Attacks/Breaches

1/23/2019
12:00 PM
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Google Creates Online Phishing Quiz

Google Alphabet incubator Jigsaw says knowing how to spot a phish plus two-factor authentication are the best defenses against falling for a phishing email.

Jigsaw, Google Alphabet's incubator subsidiary, has launched a free online phishing quiz so users can test how well they can spot a malicious email message.

Justin Henck, Jigsaw product manager, said in a blog post today that the quiz was created from security training the company has held with 10,000 journalists, activists, and political leaders worldwide. "We've studied the latest techniques attackers use, and designed the quiz to teach people how to spot them," he said in the post.

Google considers two-factor authentication the best way to protect against phishing, he said. "When you have two-factor authentication enabled, even if an attacker successfully steals your password they won't be able to access your account," Henck said. "We also offer a Chrome extension called Password Alert that protects you from entering your Google password in a fake login page."

Take the Google Phishing Quiz here.

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ThomasMaloney
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ThomasMaloney,
User Rank: Apprentice
2/14/2019 | 9:10:48 PM
It's not all that easy
I think we need a lot more than quizzes to educate people on what exactly and attack on their security systems is going to look like. Honestly at the rate that these emails and hacks are coming out you would think that people would know better, but there are still plenty of people who are swindled every day!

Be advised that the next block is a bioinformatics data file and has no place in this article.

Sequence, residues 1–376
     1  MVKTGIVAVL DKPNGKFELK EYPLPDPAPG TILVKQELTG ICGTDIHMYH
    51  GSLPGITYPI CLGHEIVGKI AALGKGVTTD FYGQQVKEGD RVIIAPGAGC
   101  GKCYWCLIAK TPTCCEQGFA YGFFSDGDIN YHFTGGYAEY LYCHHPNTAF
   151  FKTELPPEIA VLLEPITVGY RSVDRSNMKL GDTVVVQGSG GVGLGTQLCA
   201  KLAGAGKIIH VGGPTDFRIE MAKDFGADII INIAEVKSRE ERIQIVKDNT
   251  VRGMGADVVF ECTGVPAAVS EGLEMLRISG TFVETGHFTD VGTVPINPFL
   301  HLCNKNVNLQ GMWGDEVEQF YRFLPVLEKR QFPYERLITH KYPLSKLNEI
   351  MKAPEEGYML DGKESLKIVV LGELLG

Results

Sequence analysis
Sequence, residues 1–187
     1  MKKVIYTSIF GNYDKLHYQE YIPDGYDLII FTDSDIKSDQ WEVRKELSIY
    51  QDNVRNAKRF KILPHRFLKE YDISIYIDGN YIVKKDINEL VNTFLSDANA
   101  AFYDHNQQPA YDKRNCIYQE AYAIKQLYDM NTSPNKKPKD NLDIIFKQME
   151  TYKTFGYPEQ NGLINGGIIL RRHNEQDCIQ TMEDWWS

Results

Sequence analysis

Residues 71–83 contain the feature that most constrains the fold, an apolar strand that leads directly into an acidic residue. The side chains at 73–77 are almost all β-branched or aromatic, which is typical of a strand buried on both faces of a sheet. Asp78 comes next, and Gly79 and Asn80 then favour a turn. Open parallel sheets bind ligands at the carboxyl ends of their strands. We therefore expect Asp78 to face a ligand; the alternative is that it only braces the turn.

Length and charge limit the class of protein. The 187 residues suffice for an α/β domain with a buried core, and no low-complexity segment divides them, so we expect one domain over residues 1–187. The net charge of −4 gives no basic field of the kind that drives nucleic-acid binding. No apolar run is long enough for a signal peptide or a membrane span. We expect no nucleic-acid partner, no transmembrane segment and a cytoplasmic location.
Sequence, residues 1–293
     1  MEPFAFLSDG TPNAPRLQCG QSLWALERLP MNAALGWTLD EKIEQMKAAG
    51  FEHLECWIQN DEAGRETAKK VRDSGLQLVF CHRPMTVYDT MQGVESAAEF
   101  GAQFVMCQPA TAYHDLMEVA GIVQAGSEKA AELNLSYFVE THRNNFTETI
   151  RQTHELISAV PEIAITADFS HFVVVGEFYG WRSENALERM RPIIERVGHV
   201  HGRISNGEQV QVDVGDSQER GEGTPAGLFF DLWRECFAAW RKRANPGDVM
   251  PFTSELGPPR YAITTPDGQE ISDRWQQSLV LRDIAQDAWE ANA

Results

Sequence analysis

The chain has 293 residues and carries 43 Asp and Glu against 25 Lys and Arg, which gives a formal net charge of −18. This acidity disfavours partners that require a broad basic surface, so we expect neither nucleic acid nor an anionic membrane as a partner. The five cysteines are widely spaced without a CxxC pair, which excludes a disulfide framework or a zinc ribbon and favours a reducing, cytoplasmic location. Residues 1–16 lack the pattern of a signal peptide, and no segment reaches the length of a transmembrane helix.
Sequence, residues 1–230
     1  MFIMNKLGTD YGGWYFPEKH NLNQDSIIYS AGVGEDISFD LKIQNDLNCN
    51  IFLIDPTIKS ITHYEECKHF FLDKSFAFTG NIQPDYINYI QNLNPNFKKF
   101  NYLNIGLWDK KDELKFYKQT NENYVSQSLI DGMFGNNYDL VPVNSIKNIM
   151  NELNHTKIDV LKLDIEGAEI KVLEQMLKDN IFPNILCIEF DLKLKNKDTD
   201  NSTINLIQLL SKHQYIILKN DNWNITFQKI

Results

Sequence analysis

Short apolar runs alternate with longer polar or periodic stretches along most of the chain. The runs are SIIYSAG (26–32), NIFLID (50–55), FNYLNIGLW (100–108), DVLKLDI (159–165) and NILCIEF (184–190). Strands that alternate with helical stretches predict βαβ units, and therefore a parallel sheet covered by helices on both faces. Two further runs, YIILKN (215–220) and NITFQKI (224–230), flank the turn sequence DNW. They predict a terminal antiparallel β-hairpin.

REISEN1955
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REISEN1955,
User Rank: Ninja
2/11/2019 | 9:07:42 AM
Re: Great first step
I'll try two factor again on my account - worked well on web but Outlook hated it.
EdwardThirlwall
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50%
EdwardThirlwall,
User Rank: Apprentice
2/11/2019 | 1:18:43 AM
Safety needs measures
Other platforms ought to learn a thing or two from the security experts so as to prevent data breaches in their firms as well. It usually starts small but a simple hack could cause an entire site to shut down for good. Following the footsteps of Google with their 2-factors authentication would mean a much more tedious step for users but at the end of the day, they would appreciate their confidential data being kept safe.
RyanSepe
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RyanSepe,
User Rank: Ninja
1/23/2019 | 4:00:06 PM
Great first step
I like the progress that Google is making to train users on potential nefarious actions. I'm going to take this myself and if it turns out to be effective I'm going to try and echo it through the security community.
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